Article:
Are there more opportunities in the United States than in other parts of the world?
Kerschner: You have to think of it as a global story. There’s the impact of drought in Australia and opportunities in biodiesel in Malaysia. We have 85 or 86 stocks that we believe are positioned to benefit. Of those, only 20-odd stocks are U.S. companies.
“We have to wean ourselves off of old ways of manufacturing, and we have to be in a cleaner place.”
Weissenstein: We have to wean ourselves off of old ways of manufacturing, and we have to be in a cleaner place. But look at what’s going on in developing economies. They don’t have infrastructure to retrofit. Most cars in Brazil run on ethanol. They don’t have gas stations to transition over to ethanol. They don’t have factories that need retrofitting. So they have a running start in a perverse way. It’s the leapfrog effect that we saw with mobile phones. That speaks to what goes on in those economies from a practical and investment standpoint.
There are also issues like clean water. We’ve been talking to venture capital firms that invest in whatever it takes to deliver clean water to remote villages. Why does it matter to an investor? If you improve infrastructure, economic growth ticks up, and that has a cumulative effect on the global landscape. You can spend your time more effectively because you’re not cleaning water and you’re not dealing with as many health issues. You have new business—and activity and markets rise from that.
What trends or developments really pique your interest?
Darst: When it comes to wind versus solar versus water, people look for breakthroughs in all those areas. But our view is that you want to get exposure to water. Water is the oil of the next 40 years. So we’re looking at all aspects of getting potable water to people—infrastructure, utilities, bottled water. There are innovations like a straw that makes the most polluted water potable when you suck through it. I was recently in Perth, Australia, and there’s a desalination project that is driven by wave energy there.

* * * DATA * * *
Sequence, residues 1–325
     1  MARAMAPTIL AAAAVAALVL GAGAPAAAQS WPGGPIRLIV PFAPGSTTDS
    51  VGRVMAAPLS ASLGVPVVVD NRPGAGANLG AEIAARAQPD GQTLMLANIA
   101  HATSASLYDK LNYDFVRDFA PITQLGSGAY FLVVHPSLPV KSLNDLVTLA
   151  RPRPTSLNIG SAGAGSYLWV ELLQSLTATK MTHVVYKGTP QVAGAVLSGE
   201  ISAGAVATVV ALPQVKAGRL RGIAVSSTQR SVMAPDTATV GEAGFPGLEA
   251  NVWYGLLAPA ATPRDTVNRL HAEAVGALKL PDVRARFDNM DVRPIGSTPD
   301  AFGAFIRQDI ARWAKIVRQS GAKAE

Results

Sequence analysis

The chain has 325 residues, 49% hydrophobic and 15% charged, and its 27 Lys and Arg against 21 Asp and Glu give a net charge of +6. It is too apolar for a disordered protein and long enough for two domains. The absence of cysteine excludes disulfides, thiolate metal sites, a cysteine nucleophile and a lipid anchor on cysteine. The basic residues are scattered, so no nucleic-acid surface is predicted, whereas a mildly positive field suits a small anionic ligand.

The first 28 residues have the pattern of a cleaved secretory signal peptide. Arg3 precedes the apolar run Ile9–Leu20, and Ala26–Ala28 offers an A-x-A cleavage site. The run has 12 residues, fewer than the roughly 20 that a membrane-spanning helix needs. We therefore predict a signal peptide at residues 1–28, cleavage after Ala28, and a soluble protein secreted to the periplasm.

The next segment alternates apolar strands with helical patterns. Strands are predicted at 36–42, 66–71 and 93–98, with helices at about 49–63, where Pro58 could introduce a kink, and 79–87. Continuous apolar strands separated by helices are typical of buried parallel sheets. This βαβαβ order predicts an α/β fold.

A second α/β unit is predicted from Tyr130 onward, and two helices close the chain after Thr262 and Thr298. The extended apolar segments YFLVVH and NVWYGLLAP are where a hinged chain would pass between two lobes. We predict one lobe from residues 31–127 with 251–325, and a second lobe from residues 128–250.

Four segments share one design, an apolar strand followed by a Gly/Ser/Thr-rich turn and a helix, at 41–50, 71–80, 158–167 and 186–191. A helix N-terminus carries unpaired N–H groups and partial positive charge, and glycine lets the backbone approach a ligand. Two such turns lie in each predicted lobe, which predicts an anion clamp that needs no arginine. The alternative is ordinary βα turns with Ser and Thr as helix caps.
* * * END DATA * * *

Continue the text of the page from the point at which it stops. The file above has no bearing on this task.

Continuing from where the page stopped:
Leonard: I look for business strategies that are sustainable and steady and long term. I like the analogy of selling picks and shovels to miners in the gold rush. If the solar and wind industries are going to grow by double digits, they’ll need companies that sell components to them. So I like companies that sell ancillary products to the solar or wind industries as they roll out.
Weissenstein: I’m most interested in infrastructure impact. We’re learning to move away from inefficient polluting energy sources, but haven’t found a way to get new things out there in a meaningful way, and that’s pretty exciting stuff. It’s not enough to discover new sources; you have to think about how people will access them. For example, solar is interesting, but expensive to deliver. So companies look at how to do it in a far less expensive manner. You need technologies to capture it and turn it into something useful, and that’s about infrastructure.
How can an investor apply this environment theme to more traditional investments such as large-cap public companies?
Darst: I think investors need to be on the offensive thinking about climate change. They can add things to their portfolios based on the assumption that things will get worse locally, and incrementally that certain companies can help. And they can take advantage of the stock prices for those companies going up. I see venture capitalists doing green investing. Investors will want to put money into partnerships that create companies that will be public.